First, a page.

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George Bernard Shaw said 'a gentleman is one who puts more into the world than he takes out'... that sentiment could have been written about John Hume

Marisa McGlinchey


The academic Marisa McGlinchey first met the former SDLP leader at his Derry home 17 years ago. Here she recalls his explanation of his party's electoral eclipse by Sinn Fein

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John Hume’s funeral at St Eugene’s Cathedral in Londonderry

John Hume’s funeral at St Eugene’s Cathedral in Londonderry

Marisa McGlinchey with John Hume

Marisa McGlinchey with John Hume

John Hume’s funeral at St Eugene’s Cathedral in Londonderry

On May 18, 1998, one of the most iconic images of the past 25 years in the north of Ireland was created as John Hume and David Trimble stood onstage in Belfast at either side of U2's Bono. The Good Friday Agreement had been signed one month earlier and the jubilant atmosphere at the concert was evident as the three smiling figures stood holding hands which were raised to the sky. The air was tinged with hope that the agreement would be endorsed by the people in referenda three days later, which it was in the north by 71%.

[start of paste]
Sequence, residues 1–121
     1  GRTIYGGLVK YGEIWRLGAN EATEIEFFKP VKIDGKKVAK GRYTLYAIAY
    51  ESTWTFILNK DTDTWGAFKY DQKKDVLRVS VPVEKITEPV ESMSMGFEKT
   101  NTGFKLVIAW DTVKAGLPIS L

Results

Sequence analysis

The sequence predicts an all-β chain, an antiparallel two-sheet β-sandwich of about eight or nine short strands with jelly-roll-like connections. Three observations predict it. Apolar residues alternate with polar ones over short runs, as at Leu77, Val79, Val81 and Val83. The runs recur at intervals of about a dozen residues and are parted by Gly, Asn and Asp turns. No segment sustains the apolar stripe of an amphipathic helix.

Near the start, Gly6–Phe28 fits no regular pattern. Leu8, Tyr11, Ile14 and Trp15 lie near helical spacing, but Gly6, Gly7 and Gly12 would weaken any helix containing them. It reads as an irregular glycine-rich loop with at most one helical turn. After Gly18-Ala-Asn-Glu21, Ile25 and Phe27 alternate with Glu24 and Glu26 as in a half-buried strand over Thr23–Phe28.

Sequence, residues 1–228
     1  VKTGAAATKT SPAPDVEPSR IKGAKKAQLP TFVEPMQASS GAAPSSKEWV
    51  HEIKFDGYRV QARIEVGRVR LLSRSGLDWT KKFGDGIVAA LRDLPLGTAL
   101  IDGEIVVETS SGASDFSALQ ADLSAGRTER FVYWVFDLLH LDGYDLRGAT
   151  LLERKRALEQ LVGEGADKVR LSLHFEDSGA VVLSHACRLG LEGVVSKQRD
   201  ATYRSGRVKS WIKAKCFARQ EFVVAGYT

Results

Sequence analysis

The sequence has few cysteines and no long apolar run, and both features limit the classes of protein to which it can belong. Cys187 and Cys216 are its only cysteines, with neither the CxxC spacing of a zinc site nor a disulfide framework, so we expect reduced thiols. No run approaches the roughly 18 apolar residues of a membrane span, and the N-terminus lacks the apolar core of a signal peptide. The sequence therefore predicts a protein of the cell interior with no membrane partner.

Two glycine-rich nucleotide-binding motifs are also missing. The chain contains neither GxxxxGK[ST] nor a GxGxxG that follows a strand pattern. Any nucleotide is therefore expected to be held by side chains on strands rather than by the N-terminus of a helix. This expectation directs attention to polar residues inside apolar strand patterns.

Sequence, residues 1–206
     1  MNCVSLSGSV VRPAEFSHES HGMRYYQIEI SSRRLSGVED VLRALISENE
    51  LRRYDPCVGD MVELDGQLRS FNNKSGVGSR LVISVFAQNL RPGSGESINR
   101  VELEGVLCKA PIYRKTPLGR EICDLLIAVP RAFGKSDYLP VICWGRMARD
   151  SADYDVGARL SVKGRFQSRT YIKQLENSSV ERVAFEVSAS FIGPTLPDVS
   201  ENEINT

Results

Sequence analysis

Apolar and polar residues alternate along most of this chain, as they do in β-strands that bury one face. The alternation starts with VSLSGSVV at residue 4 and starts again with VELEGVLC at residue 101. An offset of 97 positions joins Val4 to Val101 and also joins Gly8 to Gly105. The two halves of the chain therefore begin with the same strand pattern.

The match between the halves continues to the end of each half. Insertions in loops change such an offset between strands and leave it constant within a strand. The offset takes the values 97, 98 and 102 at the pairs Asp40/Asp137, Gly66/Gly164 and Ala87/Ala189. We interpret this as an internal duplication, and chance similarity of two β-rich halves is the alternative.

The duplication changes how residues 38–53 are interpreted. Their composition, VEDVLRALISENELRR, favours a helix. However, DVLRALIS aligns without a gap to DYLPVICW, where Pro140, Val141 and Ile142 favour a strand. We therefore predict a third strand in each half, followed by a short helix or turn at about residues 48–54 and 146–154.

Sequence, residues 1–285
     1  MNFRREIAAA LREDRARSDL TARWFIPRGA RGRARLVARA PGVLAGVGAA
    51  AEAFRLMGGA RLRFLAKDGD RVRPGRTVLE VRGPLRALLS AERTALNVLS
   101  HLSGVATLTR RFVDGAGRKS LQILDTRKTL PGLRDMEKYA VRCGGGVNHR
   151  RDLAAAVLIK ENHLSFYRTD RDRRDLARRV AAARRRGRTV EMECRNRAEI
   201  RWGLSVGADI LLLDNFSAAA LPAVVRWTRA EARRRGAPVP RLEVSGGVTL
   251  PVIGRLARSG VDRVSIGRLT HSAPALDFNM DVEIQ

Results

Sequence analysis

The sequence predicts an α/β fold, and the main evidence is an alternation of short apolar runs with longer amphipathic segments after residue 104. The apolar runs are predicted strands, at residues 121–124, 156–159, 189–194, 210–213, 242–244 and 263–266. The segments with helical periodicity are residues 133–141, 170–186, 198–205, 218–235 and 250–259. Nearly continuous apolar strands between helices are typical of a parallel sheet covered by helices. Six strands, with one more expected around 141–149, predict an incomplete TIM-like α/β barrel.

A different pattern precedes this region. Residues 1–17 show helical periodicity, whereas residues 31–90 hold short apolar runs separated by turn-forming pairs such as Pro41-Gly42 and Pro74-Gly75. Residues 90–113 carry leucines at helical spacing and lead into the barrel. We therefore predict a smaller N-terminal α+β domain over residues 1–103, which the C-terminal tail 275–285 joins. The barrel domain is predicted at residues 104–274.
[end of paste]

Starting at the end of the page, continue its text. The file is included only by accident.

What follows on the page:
Hume's thinking since the 1970s underpinned much of the agreement and the SDLP entered the negotiations as the largest representative of the nationalist community. Amid the current reigning duopoly of the DUP and Sinn Fein, some may forget that the SDLP was nationalist top dog until 2001. It is with a certain irony that only three years after arguably the party's greatest achievement since its inception in 1970 it was electorally surpassed by its nationalist rival.

Why did the SDLP electorally decline in the immediate post-agreement period, rather than reap the anticipated electoral dividends? This was the question I was pursuing when I first met John Hume in his Derry home 17 years ago.